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The Cassini spacecraft captured this image of a small object in the outer portion of Saturn's B ring casting a shadow on the rings as Saturn approached its August 2009 equinox.
The new object, situated about 650 kilometers (400 miles) inward from the outer edge of the B ring, was found by the presence of a localized bright feature and the detection of its shadow, which stretches 36 kilometers (22 miles) across the rings. Cassini scientists suspect the object is a solid moonlet, as opposed to a diffuse debris cloud, as might result from an impact, because no shadows have been observed accompanying any known impact plumes observed by Cassini. The shadow's length implies that the moonlet is protruding about 150 meters (500 feet) above the ring plane. If the moonlet is orbiting in the same plane as the ring material surrounding it, which is likely, it must be about 300 meters (1,000 feet) from bottom to top. However, the width of the bright feature implies that the moonlet must be several times wider than that height.
Unlike the band of moonlets discovered in Saturn's A ring earlier by Cassini (see PIA07792 and PIA07790), this object is not attended by a long propeller feature. However, the relatively large width of the bright features relative to the height implied by the long shadow may indicate that a fairly localized, perhaps truncated propeller feature surrounds a roughly spherical body that is not directly imaged. The A ring moonlets, which also have not been directly imaged, were found because of the propeller-like narrow gaps on either side of them that they create as they orbit within the rings. The lack of an extended propeller feature surrounding the new moonlet may not be not surprising because the B ring is dense, and the ring material in a dense ring would be expected to fill in any gaps around the moonlet more quickly than in a less dense region like the mid-A ring. Alternatively, it may simply be harder in the first place for a moonlet to create propeller-like gaps in a dense ring.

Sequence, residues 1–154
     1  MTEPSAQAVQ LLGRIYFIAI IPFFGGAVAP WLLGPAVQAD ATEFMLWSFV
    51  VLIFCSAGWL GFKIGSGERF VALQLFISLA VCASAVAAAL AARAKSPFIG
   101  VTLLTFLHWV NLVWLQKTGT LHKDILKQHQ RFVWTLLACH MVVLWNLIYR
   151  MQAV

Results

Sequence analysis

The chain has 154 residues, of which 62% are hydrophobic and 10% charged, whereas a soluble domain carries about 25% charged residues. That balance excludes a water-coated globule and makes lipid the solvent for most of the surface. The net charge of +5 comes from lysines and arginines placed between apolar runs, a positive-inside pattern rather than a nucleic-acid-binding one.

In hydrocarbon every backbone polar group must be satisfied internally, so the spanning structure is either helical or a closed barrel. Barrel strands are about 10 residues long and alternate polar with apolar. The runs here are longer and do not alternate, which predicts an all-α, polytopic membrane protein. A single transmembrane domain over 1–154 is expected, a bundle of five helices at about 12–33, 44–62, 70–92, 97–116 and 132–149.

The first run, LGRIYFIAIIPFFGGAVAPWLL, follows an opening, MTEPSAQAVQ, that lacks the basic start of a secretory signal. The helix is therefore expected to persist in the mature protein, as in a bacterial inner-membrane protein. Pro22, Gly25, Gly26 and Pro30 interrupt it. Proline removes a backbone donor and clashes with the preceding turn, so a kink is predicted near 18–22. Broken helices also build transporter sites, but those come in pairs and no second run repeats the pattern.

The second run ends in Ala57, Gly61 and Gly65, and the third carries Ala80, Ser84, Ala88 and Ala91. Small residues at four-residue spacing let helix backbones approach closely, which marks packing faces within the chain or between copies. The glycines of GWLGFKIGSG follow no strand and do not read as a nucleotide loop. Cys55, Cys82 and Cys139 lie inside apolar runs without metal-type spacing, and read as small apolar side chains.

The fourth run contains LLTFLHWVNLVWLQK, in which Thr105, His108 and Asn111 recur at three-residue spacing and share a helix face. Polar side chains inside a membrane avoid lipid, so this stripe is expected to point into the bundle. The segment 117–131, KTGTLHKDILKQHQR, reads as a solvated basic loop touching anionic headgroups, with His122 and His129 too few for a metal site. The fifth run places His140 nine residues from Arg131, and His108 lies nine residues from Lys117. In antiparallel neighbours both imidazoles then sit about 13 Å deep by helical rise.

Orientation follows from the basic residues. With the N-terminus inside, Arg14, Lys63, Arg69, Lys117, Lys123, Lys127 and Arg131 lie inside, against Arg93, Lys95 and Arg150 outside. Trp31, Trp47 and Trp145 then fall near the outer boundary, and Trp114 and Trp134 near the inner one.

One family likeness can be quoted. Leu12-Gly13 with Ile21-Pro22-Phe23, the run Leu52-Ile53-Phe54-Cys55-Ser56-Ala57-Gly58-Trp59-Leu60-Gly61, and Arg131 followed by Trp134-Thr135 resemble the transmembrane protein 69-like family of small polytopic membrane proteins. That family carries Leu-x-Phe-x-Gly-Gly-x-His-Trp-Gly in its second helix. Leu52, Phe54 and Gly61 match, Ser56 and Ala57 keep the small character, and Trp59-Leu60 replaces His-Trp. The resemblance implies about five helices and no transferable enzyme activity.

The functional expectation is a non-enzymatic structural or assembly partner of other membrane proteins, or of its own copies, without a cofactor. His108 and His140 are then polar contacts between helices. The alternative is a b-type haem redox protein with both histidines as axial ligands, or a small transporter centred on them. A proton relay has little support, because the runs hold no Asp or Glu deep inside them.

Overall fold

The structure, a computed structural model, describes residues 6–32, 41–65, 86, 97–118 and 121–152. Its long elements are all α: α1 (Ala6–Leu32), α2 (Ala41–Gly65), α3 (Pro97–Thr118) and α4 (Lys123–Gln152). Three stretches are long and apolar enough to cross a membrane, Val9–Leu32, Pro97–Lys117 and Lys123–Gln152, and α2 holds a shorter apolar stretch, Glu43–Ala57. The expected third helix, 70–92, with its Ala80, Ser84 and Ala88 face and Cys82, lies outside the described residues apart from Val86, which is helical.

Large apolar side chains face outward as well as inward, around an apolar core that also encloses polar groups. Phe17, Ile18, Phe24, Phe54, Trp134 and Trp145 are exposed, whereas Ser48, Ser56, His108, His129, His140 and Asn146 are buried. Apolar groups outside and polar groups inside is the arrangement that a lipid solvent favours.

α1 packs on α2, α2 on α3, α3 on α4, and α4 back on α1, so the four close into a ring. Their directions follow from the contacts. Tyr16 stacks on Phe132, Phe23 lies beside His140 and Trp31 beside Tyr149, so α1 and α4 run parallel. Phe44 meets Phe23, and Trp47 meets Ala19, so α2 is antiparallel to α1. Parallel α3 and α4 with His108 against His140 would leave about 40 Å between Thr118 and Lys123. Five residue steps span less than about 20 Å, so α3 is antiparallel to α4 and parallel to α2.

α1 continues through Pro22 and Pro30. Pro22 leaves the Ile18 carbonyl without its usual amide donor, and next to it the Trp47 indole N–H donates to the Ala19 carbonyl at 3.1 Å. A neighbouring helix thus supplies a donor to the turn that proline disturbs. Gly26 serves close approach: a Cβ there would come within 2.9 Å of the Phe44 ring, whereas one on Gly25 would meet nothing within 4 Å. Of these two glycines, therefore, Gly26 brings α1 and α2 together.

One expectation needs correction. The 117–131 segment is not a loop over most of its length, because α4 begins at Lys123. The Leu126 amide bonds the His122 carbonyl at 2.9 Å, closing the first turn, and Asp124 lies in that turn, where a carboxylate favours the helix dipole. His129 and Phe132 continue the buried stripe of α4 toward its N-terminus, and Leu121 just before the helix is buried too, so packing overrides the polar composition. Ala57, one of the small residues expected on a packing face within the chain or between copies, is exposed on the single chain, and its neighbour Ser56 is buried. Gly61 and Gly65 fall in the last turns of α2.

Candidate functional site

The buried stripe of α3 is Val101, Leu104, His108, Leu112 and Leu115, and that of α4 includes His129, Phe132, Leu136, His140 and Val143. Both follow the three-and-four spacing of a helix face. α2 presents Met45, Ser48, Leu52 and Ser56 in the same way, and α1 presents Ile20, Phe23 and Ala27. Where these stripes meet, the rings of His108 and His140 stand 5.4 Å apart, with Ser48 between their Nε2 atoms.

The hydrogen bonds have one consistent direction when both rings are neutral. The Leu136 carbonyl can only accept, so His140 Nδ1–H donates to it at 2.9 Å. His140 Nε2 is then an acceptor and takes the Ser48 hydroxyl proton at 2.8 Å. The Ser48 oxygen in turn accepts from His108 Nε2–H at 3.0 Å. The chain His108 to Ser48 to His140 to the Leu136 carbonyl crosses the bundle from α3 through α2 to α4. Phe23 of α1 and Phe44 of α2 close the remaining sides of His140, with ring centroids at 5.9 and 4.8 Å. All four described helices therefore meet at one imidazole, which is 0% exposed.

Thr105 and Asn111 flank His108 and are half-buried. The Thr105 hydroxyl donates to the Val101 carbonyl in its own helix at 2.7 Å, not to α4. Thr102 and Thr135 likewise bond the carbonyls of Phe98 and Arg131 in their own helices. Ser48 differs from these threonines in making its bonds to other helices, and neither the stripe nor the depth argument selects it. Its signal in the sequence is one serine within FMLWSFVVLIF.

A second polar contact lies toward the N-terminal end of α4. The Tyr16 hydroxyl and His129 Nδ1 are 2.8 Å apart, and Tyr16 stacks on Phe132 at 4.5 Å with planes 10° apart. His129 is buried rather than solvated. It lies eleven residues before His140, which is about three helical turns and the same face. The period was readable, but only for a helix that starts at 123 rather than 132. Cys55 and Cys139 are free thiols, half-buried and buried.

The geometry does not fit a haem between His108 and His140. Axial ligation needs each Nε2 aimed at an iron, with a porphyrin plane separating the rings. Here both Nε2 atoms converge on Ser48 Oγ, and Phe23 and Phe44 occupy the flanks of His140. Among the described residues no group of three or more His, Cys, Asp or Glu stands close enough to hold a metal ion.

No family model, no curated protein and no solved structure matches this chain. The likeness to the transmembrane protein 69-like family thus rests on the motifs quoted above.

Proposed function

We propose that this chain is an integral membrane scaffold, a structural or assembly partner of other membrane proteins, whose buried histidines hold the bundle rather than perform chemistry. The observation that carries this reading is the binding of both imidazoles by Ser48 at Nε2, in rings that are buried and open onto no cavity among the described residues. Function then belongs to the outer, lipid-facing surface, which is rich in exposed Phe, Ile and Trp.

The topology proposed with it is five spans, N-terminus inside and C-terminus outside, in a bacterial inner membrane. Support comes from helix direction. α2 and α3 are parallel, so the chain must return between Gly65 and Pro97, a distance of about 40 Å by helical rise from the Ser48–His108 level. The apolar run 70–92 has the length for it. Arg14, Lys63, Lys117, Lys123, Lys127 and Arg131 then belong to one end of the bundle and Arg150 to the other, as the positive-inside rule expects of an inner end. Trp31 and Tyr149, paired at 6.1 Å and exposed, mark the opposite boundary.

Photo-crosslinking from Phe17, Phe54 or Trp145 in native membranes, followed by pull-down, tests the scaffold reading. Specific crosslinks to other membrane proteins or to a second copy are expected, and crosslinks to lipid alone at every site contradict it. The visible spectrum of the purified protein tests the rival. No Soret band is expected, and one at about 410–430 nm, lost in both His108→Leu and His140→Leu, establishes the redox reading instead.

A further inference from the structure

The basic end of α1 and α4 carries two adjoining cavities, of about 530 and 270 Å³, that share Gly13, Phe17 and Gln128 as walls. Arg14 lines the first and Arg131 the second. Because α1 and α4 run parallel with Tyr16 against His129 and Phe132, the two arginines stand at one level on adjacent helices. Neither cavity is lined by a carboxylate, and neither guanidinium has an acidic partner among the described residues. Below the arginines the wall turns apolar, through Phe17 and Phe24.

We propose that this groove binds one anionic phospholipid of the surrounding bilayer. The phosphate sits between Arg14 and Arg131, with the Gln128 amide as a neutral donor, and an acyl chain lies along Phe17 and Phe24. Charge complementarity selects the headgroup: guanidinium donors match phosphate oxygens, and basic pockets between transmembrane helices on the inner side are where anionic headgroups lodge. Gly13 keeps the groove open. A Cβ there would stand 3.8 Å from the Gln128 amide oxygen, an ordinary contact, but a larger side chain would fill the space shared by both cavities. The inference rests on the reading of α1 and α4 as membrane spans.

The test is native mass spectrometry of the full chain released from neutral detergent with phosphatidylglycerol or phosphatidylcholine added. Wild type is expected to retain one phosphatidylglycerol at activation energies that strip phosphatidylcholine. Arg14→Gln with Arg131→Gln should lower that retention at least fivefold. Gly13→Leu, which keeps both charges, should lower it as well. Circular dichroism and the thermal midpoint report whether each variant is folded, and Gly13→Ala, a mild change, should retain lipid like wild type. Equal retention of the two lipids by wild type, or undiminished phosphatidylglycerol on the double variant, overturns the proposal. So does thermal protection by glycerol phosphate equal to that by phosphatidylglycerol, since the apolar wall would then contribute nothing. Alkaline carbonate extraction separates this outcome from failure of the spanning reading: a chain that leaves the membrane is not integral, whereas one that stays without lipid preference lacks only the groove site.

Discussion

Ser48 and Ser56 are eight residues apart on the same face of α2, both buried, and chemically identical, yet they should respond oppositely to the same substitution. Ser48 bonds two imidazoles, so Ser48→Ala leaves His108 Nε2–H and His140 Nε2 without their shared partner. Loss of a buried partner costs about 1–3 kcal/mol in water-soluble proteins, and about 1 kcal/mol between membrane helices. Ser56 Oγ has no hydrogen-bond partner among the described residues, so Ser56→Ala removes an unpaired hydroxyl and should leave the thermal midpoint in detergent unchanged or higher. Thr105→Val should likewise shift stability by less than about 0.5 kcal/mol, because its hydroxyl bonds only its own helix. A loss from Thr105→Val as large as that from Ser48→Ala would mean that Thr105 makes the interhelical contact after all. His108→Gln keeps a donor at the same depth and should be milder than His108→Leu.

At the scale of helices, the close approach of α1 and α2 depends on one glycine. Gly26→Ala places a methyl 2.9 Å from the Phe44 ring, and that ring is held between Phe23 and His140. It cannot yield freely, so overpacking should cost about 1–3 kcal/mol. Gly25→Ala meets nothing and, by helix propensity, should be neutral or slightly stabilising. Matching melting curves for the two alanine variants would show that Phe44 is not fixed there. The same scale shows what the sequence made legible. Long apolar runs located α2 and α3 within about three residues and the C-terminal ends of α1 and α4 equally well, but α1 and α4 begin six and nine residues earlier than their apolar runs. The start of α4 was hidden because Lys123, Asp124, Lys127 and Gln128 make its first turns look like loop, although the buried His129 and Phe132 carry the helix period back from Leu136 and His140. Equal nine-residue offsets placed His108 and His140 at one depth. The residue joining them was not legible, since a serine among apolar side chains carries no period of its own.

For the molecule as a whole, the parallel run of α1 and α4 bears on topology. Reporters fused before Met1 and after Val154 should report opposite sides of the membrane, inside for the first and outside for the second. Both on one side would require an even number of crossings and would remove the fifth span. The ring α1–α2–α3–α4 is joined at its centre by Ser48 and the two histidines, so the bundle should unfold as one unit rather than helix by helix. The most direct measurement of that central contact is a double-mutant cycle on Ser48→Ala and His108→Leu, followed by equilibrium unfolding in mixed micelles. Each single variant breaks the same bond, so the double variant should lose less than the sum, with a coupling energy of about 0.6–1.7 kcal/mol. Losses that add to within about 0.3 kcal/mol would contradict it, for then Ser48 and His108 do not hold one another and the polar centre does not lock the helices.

Straw-like patterns of clumping ring material are also visible along the edge of the outer B ring near the right of this image. See PIA09855 to learn more about these features.
This image and others like it (see PIA11656 and PIA11659) are only possible around the time of Saturn's equinox which occurs every half-Saturn-year (equivalent to about 15 Earth years). The illumination geometry that accompanies equinox lowers the sun's angle to the ring plane and causes out-of-plane structures to cast long shadows across the rings.
This view looks toward the sunlit side of the rings from about 42 degrees below the ring plane. Background stars are visible on the right of the image. They appear elongated by the camera's exposure time.
The image was taken in visible light with the Cassini spacecraft narrow-angle camera on July 26, 2009. The view was obtained at a distance of approximately 296,000 kilometers (184,000 miles) from Saturn and at a Sun-Saturn-spacecraft, or phase, angle of 120 degrees. Image scale is about 1 kilometer (4,680 feet) per pixel.
[Caption updated Nov. 1, 2010.]
The Cassini Equinox Mission is a joint United States and European endeavor. The Jet Propulsion Laboratory, a division of the California Institute of Technology in Pasadena, manages the mission for NASA's Science Mission Directorate, Washington, D.C. The Cassini orbiter was designed, developed and assembled at JPL. The imaging team consists of scientists from the US, England, France, and Germany. The imaging operations center and team lead (Dr. C. Porco) are based at the Space Science Institute in Boulder, Colo.